Reading – a window into wellbeing

Reading and wellbeing go hand in hand and it’s something we’re passionate about in the 4meWorld team. As we go into a new year where looking after yourself is more important than ever, we wanted to share some of our favourite wellbeing reads with you.

Sam recommends The unexpected joy of being sober – Catherine Gray

Discovering a happy, healthy, wealthy alcohol-free life

Catherine Gray’s book, The Unexpected Joy of Being Sober, details her battle with problem drinking in a warm and light-hearted manner. While I don’t have a bad relationship with alcohol, I did feel the tips for cutting down consumption definitely resonated with me.

Gray discusses how much more enriched her life has become without alcohol and the book is packed full of facts for the ‘sober curious’.  It also signposts some great wellness social media accounts for those who want to live life a little more clear headed.

What I also found interesting was how many celebrities I didn’t know are teetotal, from Zac Efron to Brad Pitt. Sobriety doesn’t seem to have done them any harm!

The book may not have convinced me to go completely sober (at the time of writing), but when reaching for the next drink I’ve been left asking myself ‘Do you really need another’?

 

Max recommends Think like a monk – Jay Shetty (Audible version)

You don’t have to be a monk, to think like one

If ever we needed some actual practical help to calm our minds, increase resilience and cope with escalating levels of anxiety, it’s now! And for me, turning to the wisdom and experience of Jay Shetty in these dark days has made all the difference.

In his book Think like a monk, Jay offers inspirational insight into the often intense, conceptual lessons he learned during his time as a monk. And though it’s interesting to follow his journey to enlightenment, joy and mental freedom, the real jewel is his ability to apply what he learned to the daily mental exercises and advice he shares, and which we can all benefit from.

If you want to delve into and build your own hidden power, reduce stress, learn how to forgive yourself and others, release your mind from endless negativity or even just discover a bit of self-love, this book is a great first step. And if you’d like the enhanced experience of hearing these wise words straight from Jay himself, I’d highly recommend you curl up on the sofa with a cup of tea and listen to the Audible version so Jay’s words of wisdom can wash soothingly over you.

While I’m usually a fan of cover to cover reading so I can lose myself in the narrative, this book lends itself really well to return visits. You’ll find new cherries worth picking as well as those which become fruitful staples on your path to greater joy and a life filled with purpose.

In the spirit of well wishing, I’ll leave you with one of Jay’s many inspirational quotes: “Let’s not make happiness and success about the size of our homes, but about the size of our hearts; let’s not make it about gratification but gratitude.”

 

Rachel recommends No such thing as normal – Bryony Gordon

What my mental illness has taught me about mental wellness

In Bryony Gordon’s latest book No such thing as Normal, she uses her own experience of mental illness to compile a practical, compassionate guide to mental wellbeing. As a person who lives with Obsessive Compulsive Disorder (commonly known as OCD) and anxiety, I found this book refreshing, relatable and most of all helpful to my situation. Bryony isn’t afraid to talk about difficult issues and her chapter on Lockdown and its effects on our mental health is particularly poignant.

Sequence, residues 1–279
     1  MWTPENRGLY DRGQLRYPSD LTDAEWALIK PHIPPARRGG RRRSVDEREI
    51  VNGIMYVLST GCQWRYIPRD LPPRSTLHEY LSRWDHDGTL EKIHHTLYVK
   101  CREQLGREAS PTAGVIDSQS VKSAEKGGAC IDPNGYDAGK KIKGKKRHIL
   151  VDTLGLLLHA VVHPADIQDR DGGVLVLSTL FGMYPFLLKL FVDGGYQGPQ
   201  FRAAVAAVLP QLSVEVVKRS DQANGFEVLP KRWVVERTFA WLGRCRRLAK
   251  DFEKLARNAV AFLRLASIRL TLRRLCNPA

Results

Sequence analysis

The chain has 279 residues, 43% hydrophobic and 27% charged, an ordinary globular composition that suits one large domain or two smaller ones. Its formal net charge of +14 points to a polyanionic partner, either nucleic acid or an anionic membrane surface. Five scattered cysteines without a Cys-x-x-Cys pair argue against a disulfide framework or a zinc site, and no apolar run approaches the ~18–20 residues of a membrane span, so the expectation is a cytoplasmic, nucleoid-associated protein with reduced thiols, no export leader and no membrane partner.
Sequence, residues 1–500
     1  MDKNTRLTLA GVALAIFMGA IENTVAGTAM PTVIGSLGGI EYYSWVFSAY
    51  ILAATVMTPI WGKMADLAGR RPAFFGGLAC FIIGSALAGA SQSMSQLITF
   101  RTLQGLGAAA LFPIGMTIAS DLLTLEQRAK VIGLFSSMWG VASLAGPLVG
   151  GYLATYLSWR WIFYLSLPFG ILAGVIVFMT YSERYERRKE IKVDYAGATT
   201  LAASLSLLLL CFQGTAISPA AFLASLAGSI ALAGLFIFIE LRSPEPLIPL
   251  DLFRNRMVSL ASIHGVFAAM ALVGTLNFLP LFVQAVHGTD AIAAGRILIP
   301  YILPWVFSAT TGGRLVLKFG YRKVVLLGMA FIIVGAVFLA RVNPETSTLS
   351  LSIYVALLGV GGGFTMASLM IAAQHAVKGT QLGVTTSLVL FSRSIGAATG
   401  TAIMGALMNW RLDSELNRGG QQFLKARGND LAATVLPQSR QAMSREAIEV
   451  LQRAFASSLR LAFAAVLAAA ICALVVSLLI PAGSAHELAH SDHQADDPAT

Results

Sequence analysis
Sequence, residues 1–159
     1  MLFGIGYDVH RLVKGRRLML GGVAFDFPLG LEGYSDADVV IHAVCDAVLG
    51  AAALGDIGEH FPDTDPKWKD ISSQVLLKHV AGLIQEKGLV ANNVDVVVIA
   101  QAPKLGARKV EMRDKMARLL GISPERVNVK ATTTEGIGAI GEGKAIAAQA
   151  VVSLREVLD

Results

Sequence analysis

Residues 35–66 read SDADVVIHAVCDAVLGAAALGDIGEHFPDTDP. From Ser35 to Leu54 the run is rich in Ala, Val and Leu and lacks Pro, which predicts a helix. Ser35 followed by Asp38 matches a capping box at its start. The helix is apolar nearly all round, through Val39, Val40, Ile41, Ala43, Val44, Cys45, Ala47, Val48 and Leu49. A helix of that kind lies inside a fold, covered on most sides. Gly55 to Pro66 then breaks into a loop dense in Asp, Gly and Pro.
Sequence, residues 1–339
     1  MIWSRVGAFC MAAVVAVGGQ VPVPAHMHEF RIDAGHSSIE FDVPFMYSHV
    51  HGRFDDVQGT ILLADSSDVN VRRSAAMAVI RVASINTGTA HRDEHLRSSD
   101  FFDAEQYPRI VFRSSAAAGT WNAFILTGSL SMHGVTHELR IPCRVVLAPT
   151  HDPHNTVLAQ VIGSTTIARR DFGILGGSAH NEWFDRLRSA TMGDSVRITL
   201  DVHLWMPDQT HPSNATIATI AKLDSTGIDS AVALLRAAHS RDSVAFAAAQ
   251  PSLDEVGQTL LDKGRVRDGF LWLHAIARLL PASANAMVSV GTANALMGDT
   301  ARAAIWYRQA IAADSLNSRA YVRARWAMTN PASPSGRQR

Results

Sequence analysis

Bryony helps the reader put in place a practical plan to help them look after their mental health – including an incredibly detailed chapter on how to get help and what to expect when you make the brave decision to take that step.

I came away from this book feeling mentally stronger and I’ve since used some of Bryony’s tips and analogies to help me in times of struggle or uncertainty.

 

Sam recommends Love imperfect things – Haemin Sunim

How to accept yourself in a world that’s striving for perfection!

I came across this simply written, calming book in January last year. I can’t remember how I actually came to know about it, but I’m glad I found it. This book probably won’t tell you anything you haven’t heard before but even still, it made me reflect on my own life; the facades I present to the world, my capacity for empathy, pride, failure, and acceptance during life’s ups and downs.

The book, written by a Buddhist monk, is packed with wisdom and illustrated with real life stories on topics like career, relationships, and stress. Reading it was like being wrapped in a warm blanket – it somehow made me feel more happy, peaceful and content. I think it’s a book I’ll always keep on my shelf.

 

Allan recommends The Power of Now: A Guide to Spiritual Enlightenment – Eckhart Tolle

Living in the now is the truest path to happiness and enlightenment.

This book really struck a chord with all we’re going through just now. Eckhart Tolle encourages us to really appreciate the present moment and spend less time worrying about what might (or probably won’t) happen in the future.

During lockdown I know I’ve been guilty of letting my mind wander and worry about things I’ve no control over. The Power of Now explains how to enjoy the space we’re in, be present and enjoy what we’ve got right in front of us. He encourages us to really experience the moment, because in a second it’s gone and you won’t have the chance to enjoy it again.

 

We’d love to hear from you – what books have you been reading to boost your wellbeing? Let us know in the comments below!

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